And if that's what the Israelis are advocating, I think that we have to tell them that we think their military options are very poor and we don't want to go down that route.

SESNO: So neither candidate, neither of the men who would be president has taken the military option with respect to Iran off the table?

CHRISTOPHER: I didn't say to take them off the table.


BAKER: Can I just say one -- one more thing? When I was in office, we had a standing policy with the Iranians. We were ready to talk to them, provided it would be done at an official level, at the level of the secretary of state, and they did -- they wouldn't -- they didn't have enough domestic political support for that.

Having vilified us as the Great Satan for so long, they couldn't get the domestic political support necessary to meet with us. So it wasn't the case of our -- we hadn't been isolating Iran from that standpoint. We offered to meet with them at the level of secretary of state.

And I think a well-placed, quiet, private phone call to the Iranian leadership, if you can find out which leaders to talk to, to the effect, "Look, if you do so much as aim a missile or anything else toward Israel or toward anything else, toward Israel or toward us, our strategic nuclear deterrent can be re-aimed in 20 seconds," they would understand that, I think.

AMANPOUR: I'm sure they would.


But the question is, do you want to change the policy? And do you want to actually try to engage for strategic reasons?

BAKER: We ought to engage, yes.

AMANPOUR: To use them for help in...

POWELL: I think we're all saying yes.

BAKER: We're all saying you ought to engage, I think. I don't know. I haven't heard Henry. He may not.


KISSINGER: Well, I am in favor of negotiating with Iran. And one utility of negotiation is to put before Iran our vision of a Middle East, of a stable Middle East, and our notion on nuclear proliferation at a high enough level so that they have to study it. And, therefore, I actually have preferred doing it at the secretary of state level so that we -- we know we're dealing with authentic...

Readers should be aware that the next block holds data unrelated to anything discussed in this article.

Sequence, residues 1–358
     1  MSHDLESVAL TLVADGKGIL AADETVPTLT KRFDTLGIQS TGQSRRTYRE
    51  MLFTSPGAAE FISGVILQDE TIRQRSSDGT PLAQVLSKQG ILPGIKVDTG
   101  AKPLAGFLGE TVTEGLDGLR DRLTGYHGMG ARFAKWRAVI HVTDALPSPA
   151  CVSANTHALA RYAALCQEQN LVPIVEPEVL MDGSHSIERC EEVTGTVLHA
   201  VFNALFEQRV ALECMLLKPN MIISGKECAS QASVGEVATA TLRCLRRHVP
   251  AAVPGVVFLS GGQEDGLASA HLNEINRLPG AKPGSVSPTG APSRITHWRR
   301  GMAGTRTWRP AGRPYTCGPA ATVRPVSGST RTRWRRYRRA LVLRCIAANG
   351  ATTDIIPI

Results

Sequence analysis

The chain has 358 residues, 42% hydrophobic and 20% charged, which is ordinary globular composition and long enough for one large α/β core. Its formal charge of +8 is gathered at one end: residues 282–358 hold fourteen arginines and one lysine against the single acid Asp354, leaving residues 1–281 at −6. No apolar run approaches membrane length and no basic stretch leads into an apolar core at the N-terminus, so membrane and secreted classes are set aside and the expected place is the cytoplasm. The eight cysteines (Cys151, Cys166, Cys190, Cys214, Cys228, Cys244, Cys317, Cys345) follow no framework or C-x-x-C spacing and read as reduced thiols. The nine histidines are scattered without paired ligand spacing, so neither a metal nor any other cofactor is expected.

SESNO: Put at a very high level right out of the box?

KISSINGER: Initially, yes. And I always believed that the best way to begin a negotiation is to tell the other side exactly what you have in mind and what you are -- what the outcome is that you're trying to achieve so that they have something that they can react to.

Now, the permanent members of the Security Council, plus Japan and Germany, have all said nuclear weapons in Iran are unacceptable. They've never explained what they mean by this. So if we go into a negotiation, we ought to have a clear understanding of what is it we're trying to prevent. What is it going to do if we can't achieve what we're talking about?

But I do not believe that we can make conditions for the opening of negotiations. We ought, however, to be very clear about the content of negotiations and work it out with other countries and with our own government.

ALBRIGHT: I think also we need to make clear that what we're doing is not counterproductive. At the moment, I think we don't understand Iranian society. It is not monolithic. There are various aspects of the fact that Ahmadinejad is not particularly popular. There are economic issues.

And the more that we go around vilifying them, we create -- put him a stronger position. And so not only should we do these steps that the others have been talking about, but we have to make sure that we're not undercutting what we want to do by creating a bigger problem than we have.

AMANPOUR: So it looks like there's possibly some different advice to the next president.